14a exceptions

381 views

Published on

0 Comments
0 Likes
Statistics
Notes
  • Be the first to comment

  • Be the first to like this

No Downloads
Views
Total views
381
On SlideShare
0
From Embeds
0
Number of Embeds
1
Actions
Shares
0
Downloads
7
Comments
0
Likes
0
Embeds 0
No embeds

No notes for slide

14a exceptions

  1. 1. Let’s Make A Music Machine<br />LIS4930 © PIC<br />Well it won’t look this good <br />
  2. 2. Why?<br />LIS4930 © PIC<br />We are going to learn about working with risky code. The code we can’t guarantee will work at runtime – code that expects the file to be in the right directory, the server to be running, or the Thread to stay asleep.<br />The JavaSound API is a good source of risky code, so that is why we are building a sound machine. <br />JavaSound is a collection of classes and interfaces in Java. JavaSound is split into two parts: MIDI and Sampled. We will only use MIDI. MIDI stands for Musical Instrument Digital Interface – it is like sheet music for digital devices to make audible sounds. <br />MIDI – capable digital instrument<br />MIDI file<br />Speaker<br />
  3. 3. We’ll Start With The Basics<br />LIS4930 © PIC<br />For our example, we use only the built-in, software-only, instrument that you get with Java. It’s called a synthesizer because it creates sound.<br />Something is wrong, let’s look at this in Eclipse<br />Before we can get any sound to play, we need a Sequencer object. The sequencer is the object that takes all the MIDI data and sends it to the right instruments. It’s the thing that plays the music.<br />The Sequencer class is in the javax.sound.midi package. So now, let’s get started with a Sequencer object: <br />
  4. 4. What if you want to call a method that is risky?<br />LIS4930 © PIC<br />1<br />Let’s say you want to call a method in a class that you didn’t write.<br />2<br />That method does something risky, something that might not work at runtime<br />3<br />You need to know that the method you’re calling is risky<br />4<br />You then write code that can handle the failure if it does happen. You need to be prepared, just in case.<br />Let’s look at the getSequencer method in the Java API<br />
  5. 5. Exceptions<br />LIS4930 © PIC<br />Methods in Java use exceptions to tell the calling code, “Something bad happened. I failed.” When using risky code, it will usually throw exceptions if it fails.<br />The benefit of throwing an exception is that you can look out for it, and even catch it and recover from it.<br />You can tell if some code gives exceptions by looking for the keyword:<br />throws<br />The Java API tells you when to except an exception<br />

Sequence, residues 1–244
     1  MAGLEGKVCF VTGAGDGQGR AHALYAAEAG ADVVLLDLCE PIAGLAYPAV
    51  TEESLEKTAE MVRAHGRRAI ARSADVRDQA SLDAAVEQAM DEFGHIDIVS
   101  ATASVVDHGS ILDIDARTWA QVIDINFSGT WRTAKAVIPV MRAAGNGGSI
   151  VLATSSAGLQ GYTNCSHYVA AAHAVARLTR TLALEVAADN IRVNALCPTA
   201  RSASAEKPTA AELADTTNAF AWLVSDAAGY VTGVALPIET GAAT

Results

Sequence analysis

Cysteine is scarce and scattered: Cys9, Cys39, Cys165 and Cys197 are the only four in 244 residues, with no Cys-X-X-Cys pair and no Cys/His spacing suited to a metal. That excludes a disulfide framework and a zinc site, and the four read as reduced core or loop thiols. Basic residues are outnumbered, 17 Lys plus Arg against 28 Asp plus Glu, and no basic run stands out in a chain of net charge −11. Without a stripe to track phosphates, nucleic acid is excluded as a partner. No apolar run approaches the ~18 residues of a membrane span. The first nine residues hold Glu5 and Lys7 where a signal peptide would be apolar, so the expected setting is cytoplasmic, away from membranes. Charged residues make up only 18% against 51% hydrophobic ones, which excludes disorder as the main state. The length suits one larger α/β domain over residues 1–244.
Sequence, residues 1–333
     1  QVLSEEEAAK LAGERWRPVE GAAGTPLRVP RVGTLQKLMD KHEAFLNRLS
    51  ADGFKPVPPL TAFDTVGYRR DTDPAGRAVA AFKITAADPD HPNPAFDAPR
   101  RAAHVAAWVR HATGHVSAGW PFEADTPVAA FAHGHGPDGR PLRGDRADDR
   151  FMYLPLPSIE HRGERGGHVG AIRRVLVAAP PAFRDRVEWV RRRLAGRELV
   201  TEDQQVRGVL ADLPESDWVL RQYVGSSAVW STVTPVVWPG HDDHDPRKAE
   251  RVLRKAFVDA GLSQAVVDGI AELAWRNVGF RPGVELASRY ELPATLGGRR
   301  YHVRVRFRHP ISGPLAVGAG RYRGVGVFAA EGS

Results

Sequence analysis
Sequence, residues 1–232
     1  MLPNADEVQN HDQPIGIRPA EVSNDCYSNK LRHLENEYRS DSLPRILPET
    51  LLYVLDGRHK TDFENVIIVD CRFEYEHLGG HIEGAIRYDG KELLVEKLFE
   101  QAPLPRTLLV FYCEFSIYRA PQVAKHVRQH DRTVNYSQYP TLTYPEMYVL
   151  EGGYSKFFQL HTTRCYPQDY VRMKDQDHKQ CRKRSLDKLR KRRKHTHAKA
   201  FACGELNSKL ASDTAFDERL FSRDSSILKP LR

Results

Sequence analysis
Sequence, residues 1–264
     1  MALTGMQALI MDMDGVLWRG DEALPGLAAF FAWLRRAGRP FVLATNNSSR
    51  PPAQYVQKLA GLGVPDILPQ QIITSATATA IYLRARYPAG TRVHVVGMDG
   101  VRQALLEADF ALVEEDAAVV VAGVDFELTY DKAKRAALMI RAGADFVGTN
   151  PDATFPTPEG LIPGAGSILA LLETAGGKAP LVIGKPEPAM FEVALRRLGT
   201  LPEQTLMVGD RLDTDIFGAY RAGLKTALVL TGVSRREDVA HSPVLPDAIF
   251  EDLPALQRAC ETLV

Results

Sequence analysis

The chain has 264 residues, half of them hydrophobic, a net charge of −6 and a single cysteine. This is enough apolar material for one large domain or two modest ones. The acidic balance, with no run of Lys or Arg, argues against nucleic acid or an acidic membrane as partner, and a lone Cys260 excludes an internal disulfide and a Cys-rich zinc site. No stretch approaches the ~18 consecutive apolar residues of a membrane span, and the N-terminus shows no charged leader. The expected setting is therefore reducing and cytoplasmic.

6. 6. You Must Tell the Compiler You are Using a Risky Method<br />LIS4930 © PIC<br />In Java you MUST consent to using a risky method by wrapping the method call in a try/catch block before your program will run.<br />Something is wrong – I haven’t given my consent<br />Catch blockCatches the exception if it occurs<br />Try block<br />
  7. 7. More About Exceptions<br />LIS4930 © PIC<br />An exception is an OBJECT….. of type Exception.<br />Because an Exception is an object, what you catch is an object. In the following code, the catch argument is declared as type Exception, and the parameter variable is ex.<br />try { <br /> // do risky thing<br />} catch (Exception ex) {<br /> // try to recover<br />}<br />What you write in a catch block depends on the exception that was thrown. For example, if a server is down you might use the catch block to try another server. If the file isn’t there, you might ask the user for help finding it.<br />
  8. 8. Exception Hierarchy<br />LIS4930 © PIC<br />getMessage( )<br />printStackTrace( )<br />Throwable<br />Exception<br />IOException<br />InterruptedException<br />
  9. 9. We Know How Catching Works, but What About Throwing?<br />LIS4930 © PIC<br />1<br />Risky, exception-throwing code:<br />public void takeRisk( ) throws BadException {<br /> if (abandonAllHope) {<br /> throw new BadException( );<br /> }<br />}<br />2<br />Your code that calls the risky method:<br />public void crossFingers( ) {<br /> try {<br />anObject.takeRisk( );<br /> } catch (BadException ex) {<br />System.out.println(“Aaargh”);<br />ex.printStackTrace( );<br /> }<br />}<br />
  10. 10. The Compiler Guarantees:<br />If you throw an exception in your code you must declare it using the throws keyword in your method declaration.<br />If you call a method that throws an exception (in other words, a method that declares it throws an exception), you must acknowledge that you’re aware of the exception possibility.<br />It will NOT catch RuntimeExceptions – because those are errors in your code, and not exceptional circumstances. (Read page 324 on this)<br />LIS4930 © PIC<br />

×